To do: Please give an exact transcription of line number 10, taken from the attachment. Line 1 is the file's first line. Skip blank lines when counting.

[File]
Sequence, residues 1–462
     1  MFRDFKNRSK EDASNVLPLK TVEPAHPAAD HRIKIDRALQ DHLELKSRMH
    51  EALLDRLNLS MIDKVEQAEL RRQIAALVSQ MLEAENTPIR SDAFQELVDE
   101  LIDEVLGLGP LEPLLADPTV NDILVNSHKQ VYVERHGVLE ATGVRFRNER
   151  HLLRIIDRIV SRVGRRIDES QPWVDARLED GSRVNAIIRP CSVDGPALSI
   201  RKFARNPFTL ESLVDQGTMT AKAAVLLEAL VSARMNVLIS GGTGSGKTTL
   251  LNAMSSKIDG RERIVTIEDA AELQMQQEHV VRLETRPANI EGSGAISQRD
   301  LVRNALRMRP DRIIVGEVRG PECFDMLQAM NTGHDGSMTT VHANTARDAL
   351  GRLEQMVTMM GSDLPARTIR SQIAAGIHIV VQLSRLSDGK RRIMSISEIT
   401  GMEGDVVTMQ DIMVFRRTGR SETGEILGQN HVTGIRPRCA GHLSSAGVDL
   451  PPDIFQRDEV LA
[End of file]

   401  GMEGDVVTMQ DIMVFRRTGR SETGEILGQN HVTGIRPRCA GHLSSAGVDL